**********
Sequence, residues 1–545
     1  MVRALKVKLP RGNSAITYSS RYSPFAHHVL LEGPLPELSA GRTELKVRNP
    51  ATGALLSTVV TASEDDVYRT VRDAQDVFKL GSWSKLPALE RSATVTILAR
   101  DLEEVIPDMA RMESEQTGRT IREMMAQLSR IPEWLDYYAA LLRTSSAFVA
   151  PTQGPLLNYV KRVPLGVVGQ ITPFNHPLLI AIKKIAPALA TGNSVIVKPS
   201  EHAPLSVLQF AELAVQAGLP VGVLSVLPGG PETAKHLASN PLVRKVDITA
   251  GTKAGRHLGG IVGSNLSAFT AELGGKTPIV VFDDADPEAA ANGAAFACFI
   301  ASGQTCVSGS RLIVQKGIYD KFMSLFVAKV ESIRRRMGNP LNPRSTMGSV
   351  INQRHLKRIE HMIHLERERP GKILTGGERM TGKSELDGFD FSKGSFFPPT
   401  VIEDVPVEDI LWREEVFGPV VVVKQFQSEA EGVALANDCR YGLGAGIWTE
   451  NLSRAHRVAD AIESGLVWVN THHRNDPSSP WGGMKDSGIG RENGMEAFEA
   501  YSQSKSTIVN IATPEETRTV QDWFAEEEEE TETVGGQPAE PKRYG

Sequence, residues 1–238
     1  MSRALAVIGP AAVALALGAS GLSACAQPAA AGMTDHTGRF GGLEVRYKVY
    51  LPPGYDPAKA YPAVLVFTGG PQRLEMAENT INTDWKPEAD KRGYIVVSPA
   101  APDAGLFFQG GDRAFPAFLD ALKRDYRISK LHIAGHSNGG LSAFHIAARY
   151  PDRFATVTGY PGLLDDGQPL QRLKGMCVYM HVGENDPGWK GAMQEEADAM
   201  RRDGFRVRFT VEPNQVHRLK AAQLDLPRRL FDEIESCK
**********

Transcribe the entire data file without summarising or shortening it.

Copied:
Sequence, residues 1–545
     1  MVRALKVKLP RGNSAITYSS RYSPFAHHVL LEGPLPELSA GRTELKVRNP
    51  ATGALLSTVV TASEDDVYRT VRDAQDVFKL GSWSKLPALE RSATVTILAR
   101  DLEEVIPDMA RMESEQTGRT IREMMAQLSR IPEWLDYYAA LLRTSSAFVA
   151  PTQGPLLNYV KRVPLGVVGQ ITPFNHPLLI AIKKIAPALA TGNSVIVKPS
   201  EHAPLSVLQF AELAVQAGLP VGVLSVLPGG PETAKHLASN PLVRKVDITA
   251  GTKAGRHLGG IVGSNLSAFT AELGGKTPIV VFDDADPEAA ANGAAFACFI
   301  ASGQTCVSGS RLIVQKGIYD KFMSLFVAKV ESIRRRMGNP LNPRSTMGSV
   351  INQRHLKRIE HMIHLERERP GKILTGGERM TGKSELDGFD FSKGSFFPPT
   401  VIEDVPVEDI LWREEVFGPV VVVKQFQSEA EGVALANDCR YGLGAGIWTE
   451  NLSRAHRVAD AIESGLVWVN THHRNDPSSP WGGMKDSGIG RENGMEAFEA
   501  YSQSKSTIVN IATPEETRTV QDWFAEEEEE TETVGGQPAE PKRYG

Sequence, residues 1–238
     1  MSRALAVIGP AAVALALGAS GLSACAQPAA AGMTDHTGRF GGLEVRYKVY
    51  LPPGYDPAKA YPAVLVFTGG PQRLEMAENT INTDWKPEAD KRGYIVVSPA
   101  APDAGLFFQG GDRAFPAFLD ALKRDYRISK LHIAGHSNGG LSAFHIAARY
   151  PDRFATVTGY PGLLDDGQPL QRLKGMCVYM HVGENDPGWK GAMQEEADAM
   201  RRDGFRVRFT VEPNQVHRLK AAQLDLPRRL FDEIESCK